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Getting Plenty Of Magnesium Without Supplements: Tough But Possible

Discussion in 'Magnesium' started by Amazoniac, Dec 31, 2018.

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  1. Amazoniac

    Amazoniac Member

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    I'm not going to lie: it isn't easy to consume extreme amounts of it from foods, and I couldn't push it to 3 grams as I initially had in mind. The list is bigger this time because it reflects a lowering of standards [: idi] trying to include all decent sources that should add up at the end of the day.

    Regarding the exotic foods listed, it's called desperation (but some of them do provide massive amounts, like snail [230 mg/serving]). I had to include shellfish in the example because they're brutal sources.

    There are two comforting points:

    - If (according to Raj) foods easily leach their magnesium to the water in which they were cooked, the liquid can be reduced to a flavoring sauce instead of discarded, avoiding then unnecessary nutritional losses (applies to various nutrients). With this simple measure there might be a surprising increase in total amount consumed: there were foods having nearly double their content when you compare raw to boiled.

    - It's possible to overestimate the supplement contribution when you isn't dispersing it thorautaghout the day:

    - 5x (meals in a day, each providing) 40 mg with 65% (respective) absorption = 130 mg
    - 3x 40 mg with 65% + 2x (40 mg + 300 mg: 340 mg with 20%) = 80 + 135 = 215 mg
    With an unfair comparison by the addition of 600 mg from supplements in two meals, the difference is only 85 mg. It changes depending on the situation however you get the idea.
    But I digest.

    Here's the list:

    Most foods here have close to 30 mg or more per serving (there are exceptions: broccoli, shiitake, but I thought it was worth including them).

    upload_2018-12-31_16-38-43.png
    upload_2018-12-31_16-38-50.png
    upload_2018-12-31_16-39-24.png
    upload_2018-12-31_16-40-25.png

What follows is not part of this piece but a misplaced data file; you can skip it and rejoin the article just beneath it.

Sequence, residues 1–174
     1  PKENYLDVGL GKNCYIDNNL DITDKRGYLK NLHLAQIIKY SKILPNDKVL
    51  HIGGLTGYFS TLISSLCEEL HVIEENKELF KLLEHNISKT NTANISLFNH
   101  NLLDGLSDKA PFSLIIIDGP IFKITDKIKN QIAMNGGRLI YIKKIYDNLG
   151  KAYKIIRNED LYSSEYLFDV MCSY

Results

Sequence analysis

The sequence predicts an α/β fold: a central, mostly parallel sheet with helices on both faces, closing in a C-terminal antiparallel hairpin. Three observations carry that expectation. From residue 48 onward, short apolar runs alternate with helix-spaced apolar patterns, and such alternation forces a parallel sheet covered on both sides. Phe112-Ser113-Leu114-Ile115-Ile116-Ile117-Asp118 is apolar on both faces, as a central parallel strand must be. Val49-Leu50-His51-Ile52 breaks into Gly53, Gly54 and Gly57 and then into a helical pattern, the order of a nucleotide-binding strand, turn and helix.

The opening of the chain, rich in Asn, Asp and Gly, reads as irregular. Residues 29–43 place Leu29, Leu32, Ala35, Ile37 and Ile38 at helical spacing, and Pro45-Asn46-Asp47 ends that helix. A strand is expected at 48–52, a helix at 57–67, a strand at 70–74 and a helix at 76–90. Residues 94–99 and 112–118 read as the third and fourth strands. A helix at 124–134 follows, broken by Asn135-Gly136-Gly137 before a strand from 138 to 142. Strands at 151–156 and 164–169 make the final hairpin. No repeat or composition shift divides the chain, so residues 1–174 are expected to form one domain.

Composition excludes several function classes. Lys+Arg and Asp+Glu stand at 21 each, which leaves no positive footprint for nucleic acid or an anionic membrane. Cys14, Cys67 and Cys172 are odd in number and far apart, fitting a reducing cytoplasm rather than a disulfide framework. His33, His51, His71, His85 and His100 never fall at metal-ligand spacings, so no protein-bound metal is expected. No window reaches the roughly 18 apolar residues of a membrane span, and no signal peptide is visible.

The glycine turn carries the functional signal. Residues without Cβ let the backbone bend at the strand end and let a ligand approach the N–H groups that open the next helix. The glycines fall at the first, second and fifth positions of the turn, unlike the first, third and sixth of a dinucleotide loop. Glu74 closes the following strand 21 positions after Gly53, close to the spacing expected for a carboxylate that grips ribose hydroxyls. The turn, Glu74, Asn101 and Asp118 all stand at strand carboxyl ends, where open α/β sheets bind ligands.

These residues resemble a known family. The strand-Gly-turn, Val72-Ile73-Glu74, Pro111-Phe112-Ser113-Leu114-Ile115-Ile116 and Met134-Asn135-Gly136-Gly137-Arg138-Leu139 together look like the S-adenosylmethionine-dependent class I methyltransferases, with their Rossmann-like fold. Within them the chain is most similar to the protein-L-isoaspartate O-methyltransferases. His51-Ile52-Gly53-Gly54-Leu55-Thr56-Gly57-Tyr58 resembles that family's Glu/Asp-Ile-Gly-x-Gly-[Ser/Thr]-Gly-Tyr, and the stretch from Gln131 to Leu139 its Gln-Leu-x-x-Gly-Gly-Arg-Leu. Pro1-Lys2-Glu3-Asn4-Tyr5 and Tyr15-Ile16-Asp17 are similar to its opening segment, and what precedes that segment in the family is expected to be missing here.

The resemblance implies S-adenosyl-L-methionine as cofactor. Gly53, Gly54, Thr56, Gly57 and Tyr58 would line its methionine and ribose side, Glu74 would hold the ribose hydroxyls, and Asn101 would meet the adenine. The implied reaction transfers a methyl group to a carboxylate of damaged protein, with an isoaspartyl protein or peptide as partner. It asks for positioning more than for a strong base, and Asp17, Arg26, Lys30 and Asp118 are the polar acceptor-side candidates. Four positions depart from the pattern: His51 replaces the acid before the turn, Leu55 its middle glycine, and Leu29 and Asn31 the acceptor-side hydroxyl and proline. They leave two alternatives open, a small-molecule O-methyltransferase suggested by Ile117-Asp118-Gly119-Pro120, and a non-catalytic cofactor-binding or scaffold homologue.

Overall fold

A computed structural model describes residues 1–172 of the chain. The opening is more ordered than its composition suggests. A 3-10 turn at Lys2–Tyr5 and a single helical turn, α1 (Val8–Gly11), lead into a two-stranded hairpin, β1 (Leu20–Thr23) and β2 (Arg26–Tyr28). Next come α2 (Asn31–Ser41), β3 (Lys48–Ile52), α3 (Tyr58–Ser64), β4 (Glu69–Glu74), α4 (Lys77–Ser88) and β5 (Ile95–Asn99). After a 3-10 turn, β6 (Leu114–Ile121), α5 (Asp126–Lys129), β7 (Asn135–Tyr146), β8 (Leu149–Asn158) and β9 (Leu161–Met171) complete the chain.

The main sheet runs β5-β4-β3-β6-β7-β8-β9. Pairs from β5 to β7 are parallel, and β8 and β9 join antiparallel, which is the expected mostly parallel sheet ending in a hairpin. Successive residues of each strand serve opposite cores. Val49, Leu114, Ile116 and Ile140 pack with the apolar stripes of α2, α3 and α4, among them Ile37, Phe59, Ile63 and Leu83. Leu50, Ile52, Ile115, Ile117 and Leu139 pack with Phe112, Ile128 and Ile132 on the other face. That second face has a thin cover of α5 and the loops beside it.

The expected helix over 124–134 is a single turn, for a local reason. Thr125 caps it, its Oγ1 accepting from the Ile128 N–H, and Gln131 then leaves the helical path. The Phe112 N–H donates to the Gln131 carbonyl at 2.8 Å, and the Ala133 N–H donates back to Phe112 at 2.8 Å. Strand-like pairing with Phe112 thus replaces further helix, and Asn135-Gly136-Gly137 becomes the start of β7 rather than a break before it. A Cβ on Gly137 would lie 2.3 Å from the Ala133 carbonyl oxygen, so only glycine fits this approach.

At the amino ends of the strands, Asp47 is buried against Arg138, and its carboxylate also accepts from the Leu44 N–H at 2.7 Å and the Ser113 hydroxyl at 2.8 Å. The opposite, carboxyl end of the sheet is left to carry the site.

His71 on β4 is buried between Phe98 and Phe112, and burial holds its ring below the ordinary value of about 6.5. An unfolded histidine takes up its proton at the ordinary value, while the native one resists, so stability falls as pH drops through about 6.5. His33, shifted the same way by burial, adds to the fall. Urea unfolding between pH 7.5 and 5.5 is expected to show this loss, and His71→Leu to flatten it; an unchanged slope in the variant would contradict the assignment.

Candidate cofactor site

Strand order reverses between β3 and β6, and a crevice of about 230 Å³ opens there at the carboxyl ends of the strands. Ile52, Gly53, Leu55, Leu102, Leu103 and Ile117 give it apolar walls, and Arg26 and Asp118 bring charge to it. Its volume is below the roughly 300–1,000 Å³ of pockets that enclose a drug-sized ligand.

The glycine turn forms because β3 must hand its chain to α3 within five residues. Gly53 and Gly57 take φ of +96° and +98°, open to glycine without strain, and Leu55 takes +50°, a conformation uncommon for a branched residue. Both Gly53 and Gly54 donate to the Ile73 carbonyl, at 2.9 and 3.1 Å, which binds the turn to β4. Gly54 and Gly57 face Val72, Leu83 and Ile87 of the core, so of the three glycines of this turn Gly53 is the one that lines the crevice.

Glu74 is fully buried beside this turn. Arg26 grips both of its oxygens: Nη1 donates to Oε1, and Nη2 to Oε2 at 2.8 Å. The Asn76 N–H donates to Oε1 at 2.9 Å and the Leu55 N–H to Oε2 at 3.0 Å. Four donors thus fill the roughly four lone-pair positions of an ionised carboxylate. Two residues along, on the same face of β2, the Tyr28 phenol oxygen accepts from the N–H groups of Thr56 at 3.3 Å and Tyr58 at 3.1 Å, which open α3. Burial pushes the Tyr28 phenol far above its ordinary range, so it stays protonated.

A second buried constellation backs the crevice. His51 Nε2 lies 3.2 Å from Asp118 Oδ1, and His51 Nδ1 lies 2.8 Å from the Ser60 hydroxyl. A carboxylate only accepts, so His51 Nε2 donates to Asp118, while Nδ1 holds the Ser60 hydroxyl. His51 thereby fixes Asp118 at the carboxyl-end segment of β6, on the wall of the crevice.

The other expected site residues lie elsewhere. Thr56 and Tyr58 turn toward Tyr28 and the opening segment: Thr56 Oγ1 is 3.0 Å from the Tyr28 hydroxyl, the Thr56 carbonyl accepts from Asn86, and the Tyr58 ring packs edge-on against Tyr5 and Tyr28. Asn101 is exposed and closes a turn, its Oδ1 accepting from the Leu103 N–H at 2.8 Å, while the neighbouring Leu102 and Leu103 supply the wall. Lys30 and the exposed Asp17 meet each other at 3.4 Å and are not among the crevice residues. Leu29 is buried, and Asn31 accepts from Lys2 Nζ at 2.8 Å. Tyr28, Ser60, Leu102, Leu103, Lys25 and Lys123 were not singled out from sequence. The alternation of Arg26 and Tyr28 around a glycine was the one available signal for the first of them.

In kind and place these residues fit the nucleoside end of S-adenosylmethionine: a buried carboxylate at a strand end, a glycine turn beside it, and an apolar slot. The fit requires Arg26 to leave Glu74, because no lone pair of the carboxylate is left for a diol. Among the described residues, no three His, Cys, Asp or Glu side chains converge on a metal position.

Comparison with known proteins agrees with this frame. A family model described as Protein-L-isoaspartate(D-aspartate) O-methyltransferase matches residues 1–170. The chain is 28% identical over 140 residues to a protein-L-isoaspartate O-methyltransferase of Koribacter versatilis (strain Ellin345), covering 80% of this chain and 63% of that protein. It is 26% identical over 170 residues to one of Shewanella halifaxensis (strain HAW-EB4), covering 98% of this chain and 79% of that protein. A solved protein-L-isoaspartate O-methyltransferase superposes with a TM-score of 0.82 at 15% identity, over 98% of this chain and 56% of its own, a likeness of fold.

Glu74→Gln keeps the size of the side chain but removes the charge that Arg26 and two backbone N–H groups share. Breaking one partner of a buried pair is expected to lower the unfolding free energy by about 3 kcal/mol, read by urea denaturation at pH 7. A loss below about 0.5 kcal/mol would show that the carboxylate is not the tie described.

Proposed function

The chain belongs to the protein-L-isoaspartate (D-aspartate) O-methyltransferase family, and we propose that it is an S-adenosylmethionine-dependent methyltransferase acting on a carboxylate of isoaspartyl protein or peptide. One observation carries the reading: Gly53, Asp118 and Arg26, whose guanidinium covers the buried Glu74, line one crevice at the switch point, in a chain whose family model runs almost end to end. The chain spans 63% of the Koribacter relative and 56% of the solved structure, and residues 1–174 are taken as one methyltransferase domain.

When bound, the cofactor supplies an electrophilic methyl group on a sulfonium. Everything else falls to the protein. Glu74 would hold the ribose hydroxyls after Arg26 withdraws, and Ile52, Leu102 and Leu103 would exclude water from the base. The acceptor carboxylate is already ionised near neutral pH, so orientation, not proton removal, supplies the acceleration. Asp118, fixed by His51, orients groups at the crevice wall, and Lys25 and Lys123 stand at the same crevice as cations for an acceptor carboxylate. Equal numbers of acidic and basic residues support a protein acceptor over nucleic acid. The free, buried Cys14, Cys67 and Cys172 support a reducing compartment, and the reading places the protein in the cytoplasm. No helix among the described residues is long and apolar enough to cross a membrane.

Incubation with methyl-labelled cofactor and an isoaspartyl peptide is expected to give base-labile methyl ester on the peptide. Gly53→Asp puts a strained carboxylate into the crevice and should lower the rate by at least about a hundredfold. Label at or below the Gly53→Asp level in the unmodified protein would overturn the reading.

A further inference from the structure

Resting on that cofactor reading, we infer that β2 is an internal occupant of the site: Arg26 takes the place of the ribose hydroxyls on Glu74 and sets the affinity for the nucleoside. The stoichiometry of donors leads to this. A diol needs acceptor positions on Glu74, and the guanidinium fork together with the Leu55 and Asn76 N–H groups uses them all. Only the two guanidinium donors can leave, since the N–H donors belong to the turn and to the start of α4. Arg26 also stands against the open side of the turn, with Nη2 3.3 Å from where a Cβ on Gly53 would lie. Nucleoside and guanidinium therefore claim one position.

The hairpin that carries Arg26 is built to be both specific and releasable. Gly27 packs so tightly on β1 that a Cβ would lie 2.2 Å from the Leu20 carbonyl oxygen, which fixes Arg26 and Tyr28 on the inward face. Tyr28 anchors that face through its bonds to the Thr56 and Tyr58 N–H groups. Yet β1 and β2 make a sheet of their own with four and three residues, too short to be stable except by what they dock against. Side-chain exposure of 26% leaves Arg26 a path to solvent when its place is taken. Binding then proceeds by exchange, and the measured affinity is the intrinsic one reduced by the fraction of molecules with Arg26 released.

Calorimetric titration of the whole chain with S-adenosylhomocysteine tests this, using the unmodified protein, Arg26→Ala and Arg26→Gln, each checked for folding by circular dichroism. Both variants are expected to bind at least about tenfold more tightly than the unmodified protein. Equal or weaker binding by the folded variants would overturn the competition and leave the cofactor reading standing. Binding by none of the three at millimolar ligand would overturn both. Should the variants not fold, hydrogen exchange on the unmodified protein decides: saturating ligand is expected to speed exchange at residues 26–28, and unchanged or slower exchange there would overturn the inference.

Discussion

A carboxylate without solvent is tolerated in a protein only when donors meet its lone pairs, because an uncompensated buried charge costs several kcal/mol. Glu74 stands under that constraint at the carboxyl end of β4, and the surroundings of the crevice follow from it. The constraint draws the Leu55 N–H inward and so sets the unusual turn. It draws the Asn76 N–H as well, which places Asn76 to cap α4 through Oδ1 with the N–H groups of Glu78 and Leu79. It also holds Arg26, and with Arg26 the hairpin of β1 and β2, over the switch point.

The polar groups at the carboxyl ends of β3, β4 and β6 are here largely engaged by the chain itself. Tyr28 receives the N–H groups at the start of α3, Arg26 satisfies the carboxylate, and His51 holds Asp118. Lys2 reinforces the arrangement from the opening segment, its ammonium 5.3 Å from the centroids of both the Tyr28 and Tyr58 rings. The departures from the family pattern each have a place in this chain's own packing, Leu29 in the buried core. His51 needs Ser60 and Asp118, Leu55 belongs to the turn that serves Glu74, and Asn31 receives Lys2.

Some notes:

    The usefulness of this kind of list becomes clear when you copy to your nutrition app, it should only take a few minutes with side-by-side widows.

    There are certain foods that were featured because I found conflicting contents after adding them (being lower in the app), so decided not to exclude; at least we know that their content is not low.

    Magnesium in whole grains might not be as available as in other sources. Spriting or cooking them thoroughly must improve this aspect.

    Mineral water can be a great source, especially because you'll drink it on empty stomach, so there will be nothing getting in the way of absorption (such as meal roughage).

    Since the majority of magnesium absorption doesn't occur in the initial parts of the small intestine, the way that fermentable carbs might enhance the absorption must be by complexing it with organic acids.

    If you can find completely defatted nut powders, they can be good sources and will provide plenty of trace minerals.

    And an example (2 grams):

    upload_2018-12-31_16-40-44.png

    upload_2018-12-31_16-41-11.png

     
  2. A.R

    A.R Member

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    Thanks for the list great job
     
  3. Hazarlar

    Hazarlar Member

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    You forgot buckwheat - the main source!

    I have been eating it my whole life, but currently reducing it's consumption due to high oxalates.

    Still floating every week ...
     
  4. achillea

    achillea Member

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    Dark chocolate, halibut and coffee. The magnesium in coffee is associated with improved metabolic rate and a lower risk of insulin resistance. I oz of high quality chocolate is around 95 mg of Mg+

    It may not just be the amount of magnesium as the use and availability to use. How hard is it to get to the magnesium in spinach or chard?
     
  5. Hazarlar

    Hazarlar Member

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  6. Sheila

    Sheila Member

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    Mmmm Amazoniac
    Would you like a side of Angiostrongylus cantonensis with those snails?
    Alas, I can't find the Mg content for those critters on cronometer.
    And more seriously, thank you for the list and your considerations.
    Happy New Year.
    Sheila
     
  7. Lejeboca

    Lejeboca Member

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  8. schultz

    schultz Member

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    In the post you linked, Dr. Carolyn Dean says...

    "To say that coffee can help you with your magnesium requirements is just plain wrong! Coffee is a well-known diuretic and appetite suppressant – you will lose magnesium in your urine the more coffee you drink and it stimulates your adrenals to spew out adrenaline that can overstimulate a magnesium-deficient heart making it fire off abnormal beats."